Building a lathe from scratch

If I had a penny for every time somebody suggested that I should build a lathe, by now I’m pretty.

If I had a penny for every
time somebody suggested that I should build a lathe,
by now I’m pretty sure I’d have like a dollar. I’ve
had the idea to build of building one and for the
bearings, I was just gonna have a steel shaft that rotates and wooden blocks, like this,
and I figure that should work. So, I drew the lathe
up in SketchUp, and I printed out the end profile,
one to one, using my Big Print program.
And, I’m gonna use some used plywood to
try this experiment. The bed of the lathe is gonna be
these two pieces of hardwood, and then the head stock is gonna
be these pieces, like this. And the shaft is gonna mount
on wooden bearings on top, and then the tail stock
is gonna go together almost the same way, For gluing
the head stock together, I scraped off any varnish
off this used plywood where I’m gonna glue it, and
I also made some spacers to hold the middle part
at the right height. And, I almost forgot to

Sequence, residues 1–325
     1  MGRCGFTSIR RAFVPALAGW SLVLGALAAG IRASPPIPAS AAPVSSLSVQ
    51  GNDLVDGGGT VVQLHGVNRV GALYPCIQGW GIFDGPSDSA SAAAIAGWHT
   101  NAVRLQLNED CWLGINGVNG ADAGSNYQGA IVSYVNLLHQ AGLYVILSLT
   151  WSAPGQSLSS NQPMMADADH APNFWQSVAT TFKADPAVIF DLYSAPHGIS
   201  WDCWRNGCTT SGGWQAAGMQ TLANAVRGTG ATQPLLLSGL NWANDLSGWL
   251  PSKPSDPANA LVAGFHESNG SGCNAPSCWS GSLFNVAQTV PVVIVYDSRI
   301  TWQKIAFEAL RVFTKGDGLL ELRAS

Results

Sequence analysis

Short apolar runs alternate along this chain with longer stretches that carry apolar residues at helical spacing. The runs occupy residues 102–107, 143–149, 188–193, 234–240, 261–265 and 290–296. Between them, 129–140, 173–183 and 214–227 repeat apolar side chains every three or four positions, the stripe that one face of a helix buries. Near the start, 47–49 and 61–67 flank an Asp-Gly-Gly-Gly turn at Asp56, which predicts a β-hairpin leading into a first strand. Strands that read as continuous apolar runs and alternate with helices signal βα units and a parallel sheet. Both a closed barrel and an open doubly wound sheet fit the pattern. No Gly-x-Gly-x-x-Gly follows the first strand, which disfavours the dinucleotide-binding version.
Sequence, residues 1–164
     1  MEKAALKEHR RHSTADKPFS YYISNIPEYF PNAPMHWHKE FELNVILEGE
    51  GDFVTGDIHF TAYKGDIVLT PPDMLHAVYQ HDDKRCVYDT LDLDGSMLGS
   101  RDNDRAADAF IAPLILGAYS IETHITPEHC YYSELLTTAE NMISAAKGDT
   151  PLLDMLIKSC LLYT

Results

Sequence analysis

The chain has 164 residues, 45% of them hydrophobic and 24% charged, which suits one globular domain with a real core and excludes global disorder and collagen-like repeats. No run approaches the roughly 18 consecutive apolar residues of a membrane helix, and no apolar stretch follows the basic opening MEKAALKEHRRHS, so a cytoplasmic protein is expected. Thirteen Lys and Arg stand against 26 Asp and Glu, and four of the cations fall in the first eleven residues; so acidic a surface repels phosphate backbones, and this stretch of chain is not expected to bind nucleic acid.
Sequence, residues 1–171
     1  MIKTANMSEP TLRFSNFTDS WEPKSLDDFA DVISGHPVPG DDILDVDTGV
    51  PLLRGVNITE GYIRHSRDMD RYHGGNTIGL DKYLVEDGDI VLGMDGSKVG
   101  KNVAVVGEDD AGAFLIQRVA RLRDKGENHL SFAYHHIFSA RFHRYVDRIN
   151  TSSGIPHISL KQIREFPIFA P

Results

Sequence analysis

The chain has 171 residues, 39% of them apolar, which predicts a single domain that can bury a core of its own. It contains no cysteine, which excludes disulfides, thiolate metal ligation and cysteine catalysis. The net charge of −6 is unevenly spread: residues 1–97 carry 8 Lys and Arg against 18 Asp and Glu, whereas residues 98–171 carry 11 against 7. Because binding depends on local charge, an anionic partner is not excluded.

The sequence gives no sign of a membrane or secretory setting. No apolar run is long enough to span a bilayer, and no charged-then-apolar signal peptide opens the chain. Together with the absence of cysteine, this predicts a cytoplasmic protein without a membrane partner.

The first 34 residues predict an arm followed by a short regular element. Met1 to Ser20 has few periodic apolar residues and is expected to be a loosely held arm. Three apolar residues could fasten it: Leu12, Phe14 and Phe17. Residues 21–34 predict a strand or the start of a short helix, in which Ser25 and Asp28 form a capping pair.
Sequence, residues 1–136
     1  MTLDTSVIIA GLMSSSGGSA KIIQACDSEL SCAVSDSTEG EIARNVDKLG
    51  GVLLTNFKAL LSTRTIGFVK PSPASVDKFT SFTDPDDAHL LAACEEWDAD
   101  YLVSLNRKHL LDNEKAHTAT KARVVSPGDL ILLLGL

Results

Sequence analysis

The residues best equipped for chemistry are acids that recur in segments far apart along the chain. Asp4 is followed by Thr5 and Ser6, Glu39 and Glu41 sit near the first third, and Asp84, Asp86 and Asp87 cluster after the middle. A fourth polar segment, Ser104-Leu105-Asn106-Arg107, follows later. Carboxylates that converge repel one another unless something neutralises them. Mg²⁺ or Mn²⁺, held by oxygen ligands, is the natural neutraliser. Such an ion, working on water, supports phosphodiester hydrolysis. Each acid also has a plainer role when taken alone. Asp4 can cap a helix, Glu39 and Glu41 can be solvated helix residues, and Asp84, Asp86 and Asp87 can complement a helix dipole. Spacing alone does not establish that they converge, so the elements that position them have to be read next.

drill a hole, right here. I’m squaring up the hole
for a carriage bolt, which will be for holding
the head stock on. And, now to make the
bearing blocks, first I drill the screw holes
for mounting it, then I cut the block in half, and then I clamp it
back together, and then I drill a hole through it. I round the corners a
bit on the belt sander, just to save my
knuckles on it later. This is transferring the
pilot hole locations. So, I wanna put this on here as a pulley, but I really should
have a bit more thickness so I thought, why not just add
another step-pulley here. I drilled the hole
slightly under-sized but to make sure these
won’t spin on the shaft, I’m gonna cut a
key-way, right here. I’m using a nail as a key,
to keep the pulley from slipping on the shaft. I just realized I forgot to put